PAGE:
Lt. John Watt faces an interesting dilemma this New Year’s: go and watch one son play in the Rose Bowl or go to the Houston Texans game and watch another son play.
He says it’s a good dilemma to have.
Watt is the father of three football-playing sons – J.J., a rookie defensive end for the Houston Texans, an NFL team that made it to the playoffs for the first time this year; Derek, a freshman linebacker with the Wisconsin Badgers; and T.J., a Pewaukee High School junior who just finished a notable season.
Watt is proud of all three sons’ football accomplishments but notes that what’s important is what they have learned by playing sports – teamwork, hard work and humility.
“What we’ve emphasized and like about sports is that it’s not just an individual thing but it’s a team thing. It’s not only about them,” he said. “That’s what they’ve learned from sports.”
He cites J.J.’s involvement in a charity foundation that provides sports opportunities for children as one example. However, “all three have made us really, really proud,” he said.
The Justin J. Watt Foundation works to provide afterschool athletic programs in Wisconsin and Houston middle schools that have insufficient funding for such programs.
A sports family
Growing up, the three boys participated in the youth football league in Pewaukee. Watt helped coach for the league and coached all three boys. When it was suggested that that must have been some coaching they received, he laughed and said he’d like to think so but he’s not sure if they would agree.
“I don’t know if I was more of a help or a hindrance. Anyway, the youth program has some pretty good coaches,” he said. “They really want to see the kids succeed and that makes all the difference.”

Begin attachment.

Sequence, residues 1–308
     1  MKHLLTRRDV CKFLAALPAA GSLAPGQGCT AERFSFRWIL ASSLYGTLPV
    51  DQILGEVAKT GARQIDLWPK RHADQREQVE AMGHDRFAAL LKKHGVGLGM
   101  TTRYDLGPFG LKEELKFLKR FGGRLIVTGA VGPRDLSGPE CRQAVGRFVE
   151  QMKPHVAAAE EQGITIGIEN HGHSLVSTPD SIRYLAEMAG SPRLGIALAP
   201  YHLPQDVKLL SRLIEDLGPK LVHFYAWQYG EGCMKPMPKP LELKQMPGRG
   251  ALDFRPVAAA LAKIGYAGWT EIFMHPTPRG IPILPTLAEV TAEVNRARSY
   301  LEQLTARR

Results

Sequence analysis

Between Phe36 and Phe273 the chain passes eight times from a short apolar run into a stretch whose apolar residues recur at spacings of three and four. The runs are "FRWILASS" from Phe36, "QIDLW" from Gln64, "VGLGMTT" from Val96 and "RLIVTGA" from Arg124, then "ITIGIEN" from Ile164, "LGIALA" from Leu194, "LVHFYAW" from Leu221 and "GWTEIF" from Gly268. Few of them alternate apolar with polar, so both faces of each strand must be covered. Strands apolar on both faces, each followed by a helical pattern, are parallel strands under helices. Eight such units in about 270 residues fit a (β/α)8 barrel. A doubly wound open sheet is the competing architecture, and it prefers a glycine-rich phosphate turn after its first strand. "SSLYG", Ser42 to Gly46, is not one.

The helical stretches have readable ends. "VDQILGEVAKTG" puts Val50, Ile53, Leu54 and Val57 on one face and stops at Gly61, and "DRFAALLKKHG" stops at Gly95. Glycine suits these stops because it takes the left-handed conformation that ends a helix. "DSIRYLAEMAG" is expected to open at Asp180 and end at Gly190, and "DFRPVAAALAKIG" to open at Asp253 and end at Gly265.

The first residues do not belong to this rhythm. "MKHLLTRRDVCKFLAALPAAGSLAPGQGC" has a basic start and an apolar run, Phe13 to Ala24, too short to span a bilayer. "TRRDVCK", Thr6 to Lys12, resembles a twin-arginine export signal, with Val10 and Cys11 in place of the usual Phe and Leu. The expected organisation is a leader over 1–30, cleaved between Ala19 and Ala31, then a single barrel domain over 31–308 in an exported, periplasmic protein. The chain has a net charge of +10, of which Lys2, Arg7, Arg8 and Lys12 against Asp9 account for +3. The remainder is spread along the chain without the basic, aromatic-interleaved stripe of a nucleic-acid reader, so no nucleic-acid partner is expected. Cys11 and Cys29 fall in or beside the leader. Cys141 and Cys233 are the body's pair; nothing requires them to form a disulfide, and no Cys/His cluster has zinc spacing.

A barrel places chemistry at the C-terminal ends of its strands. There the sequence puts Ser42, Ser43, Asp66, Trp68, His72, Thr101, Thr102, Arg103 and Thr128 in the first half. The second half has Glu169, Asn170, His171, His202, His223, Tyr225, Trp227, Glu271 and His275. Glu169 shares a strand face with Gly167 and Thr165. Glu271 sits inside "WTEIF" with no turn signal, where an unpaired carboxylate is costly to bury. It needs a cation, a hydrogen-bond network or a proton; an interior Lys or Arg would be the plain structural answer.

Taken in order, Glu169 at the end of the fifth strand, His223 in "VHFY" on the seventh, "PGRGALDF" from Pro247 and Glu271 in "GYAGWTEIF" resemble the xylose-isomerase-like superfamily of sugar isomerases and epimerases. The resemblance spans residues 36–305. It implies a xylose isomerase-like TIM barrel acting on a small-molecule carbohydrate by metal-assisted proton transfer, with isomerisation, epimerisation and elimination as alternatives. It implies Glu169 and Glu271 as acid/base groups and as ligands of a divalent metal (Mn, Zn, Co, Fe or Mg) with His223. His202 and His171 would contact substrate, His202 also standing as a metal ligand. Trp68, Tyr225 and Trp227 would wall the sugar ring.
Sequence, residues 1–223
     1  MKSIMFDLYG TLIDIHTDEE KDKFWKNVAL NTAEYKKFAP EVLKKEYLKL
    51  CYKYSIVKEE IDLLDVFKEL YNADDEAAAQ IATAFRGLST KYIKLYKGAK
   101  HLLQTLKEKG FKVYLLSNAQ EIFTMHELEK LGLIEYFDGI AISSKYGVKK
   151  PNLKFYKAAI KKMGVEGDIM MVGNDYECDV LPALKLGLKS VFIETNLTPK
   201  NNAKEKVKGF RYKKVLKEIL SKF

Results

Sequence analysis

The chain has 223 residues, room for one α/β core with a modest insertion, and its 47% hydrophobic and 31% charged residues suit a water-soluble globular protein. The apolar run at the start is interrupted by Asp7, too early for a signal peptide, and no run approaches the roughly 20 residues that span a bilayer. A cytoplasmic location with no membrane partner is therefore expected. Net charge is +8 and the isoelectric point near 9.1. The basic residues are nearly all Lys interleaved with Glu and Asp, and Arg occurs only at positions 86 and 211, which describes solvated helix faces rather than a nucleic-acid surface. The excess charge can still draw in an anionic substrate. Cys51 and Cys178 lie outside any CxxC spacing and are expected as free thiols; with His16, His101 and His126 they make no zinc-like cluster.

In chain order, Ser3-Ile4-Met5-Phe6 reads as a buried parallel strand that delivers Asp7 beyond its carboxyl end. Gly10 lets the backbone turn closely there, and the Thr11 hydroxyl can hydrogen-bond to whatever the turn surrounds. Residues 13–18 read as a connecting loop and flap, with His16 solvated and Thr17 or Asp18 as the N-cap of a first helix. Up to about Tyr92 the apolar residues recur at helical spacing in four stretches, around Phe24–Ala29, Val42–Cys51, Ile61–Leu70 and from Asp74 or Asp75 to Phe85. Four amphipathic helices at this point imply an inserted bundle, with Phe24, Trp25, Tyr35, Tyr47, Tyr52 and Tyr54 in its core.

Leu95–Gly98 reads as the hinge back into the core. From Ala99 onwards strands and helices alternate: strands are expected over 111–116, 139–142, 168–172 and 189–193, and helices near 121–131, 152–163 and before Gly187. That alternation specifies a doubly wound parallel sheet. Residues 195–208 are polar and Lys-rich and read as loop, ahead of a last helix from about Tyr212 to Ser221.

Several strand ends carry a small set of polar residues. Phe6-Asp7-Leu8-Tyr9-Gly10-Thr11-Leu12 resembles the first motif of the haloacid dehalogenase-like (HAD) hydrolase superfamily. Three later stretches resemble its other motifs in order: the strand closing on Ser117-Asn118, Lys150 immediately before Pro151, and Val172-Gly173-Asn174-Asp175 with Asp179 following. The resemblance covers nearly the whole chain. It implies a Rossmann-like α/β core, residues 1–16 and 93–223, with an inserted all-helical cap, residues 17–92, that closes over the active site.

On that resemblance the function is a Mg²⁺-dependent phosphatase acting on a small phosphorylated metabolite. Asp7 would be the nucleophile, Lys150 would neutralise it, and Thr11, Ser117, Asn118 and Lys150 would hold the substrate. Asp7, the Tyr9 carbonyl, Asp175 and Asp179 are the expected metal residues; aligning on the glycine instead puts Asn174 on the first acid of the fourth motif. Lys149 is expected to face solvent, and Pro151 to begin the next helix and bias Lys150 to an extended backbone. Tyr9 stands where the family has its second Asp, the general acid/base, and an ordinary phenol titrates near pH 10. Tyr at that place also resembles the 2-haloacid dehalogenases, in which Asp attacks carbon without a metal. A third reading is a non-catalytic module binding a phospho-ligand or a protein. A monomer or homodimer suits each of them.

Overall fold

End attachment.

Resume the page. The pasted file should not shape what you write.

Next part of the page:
In the off season, the activities vary for each of the Watt boys but it was usually some other sport, J.J. with basketball, track and baseball; Derek with softball, track and baseball and T.J. with wrestling and track. They also work out – cardio and weightlifting.
Despite the hard work of juggling sports schedules for the family and the training involved, there’s also gratitude for what they’ve gained.
“Sports have been so good for our family,” Watt said.
With a football and sports history
Football might be in their blood. Watt himself grew up in a family of three boys who played football in high school and his older brother earned a berth playing with Colorado after college. He never got to play, though, due to injury.
Watt himself was a state champion, however in the shot put, something his oldest son picked up in the off-season. J.J. was never really interested in it until his senior year, when he decided he was going to do it.
“I told him there was more to it than he might think,” said Watt, laughing. “There is a lot of technique, too. Three months later, he was state champion.”
About the New Year’s game decision, it was an easy choice. They had already made a commitment to see J.J.’s game before the Badgers qualified for the Rose Bowl. And they just went to the Rose Bowl last year, when J.J. played with the Badgers. This year, they’ll celebrate New Year’s in Houston.
Super Bowl XLVI?
One last looming dilemma: if the 2012 Super Bowl features the Texans against the Packers, not an inconceivable scenario, who will Watt root for, his home team or the team his son plays for?
Watt said he’s definitely a Packers fan, but he’s come to like the Texans, a hard-fighting team that’s made it to the playoffs for the first time this year.
“If they do both make it to the Superbowl, that would be fantastic,” Watt said. “I told my friends that it would be O.K. if the Packers won, as long as J.J. had a good game and got to sack Aaron Rodgers a couple of times. ... Now I’m not so sure.”
It may come down to a game day decision. In any case, it would be all good, whichever of the two teams win, should they both make it to the Super Bowl.
“That would be a good problem to have,” he said.